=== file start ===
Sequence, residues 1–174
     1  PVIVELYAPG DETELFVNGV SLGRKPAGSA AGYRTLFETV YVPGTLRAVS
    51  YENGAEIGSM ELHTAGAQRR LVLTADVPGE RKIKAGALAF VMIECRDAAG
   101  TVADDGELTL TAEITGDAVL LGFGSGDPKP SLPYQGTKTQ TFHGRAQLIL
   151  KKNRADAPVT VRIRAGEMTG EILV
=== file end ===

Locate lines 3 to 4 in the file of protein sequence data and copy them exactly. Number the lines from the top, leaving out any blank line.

    51  YENGAEIGSM ELHTAGAQRR LVLTADVPGE RKIKAGALAF VMIECRDAAG
   101  TVADDGELTL TAEITGDAVL LGFGSGDPKP SLPYQGTKTQ TFHGRAQLIL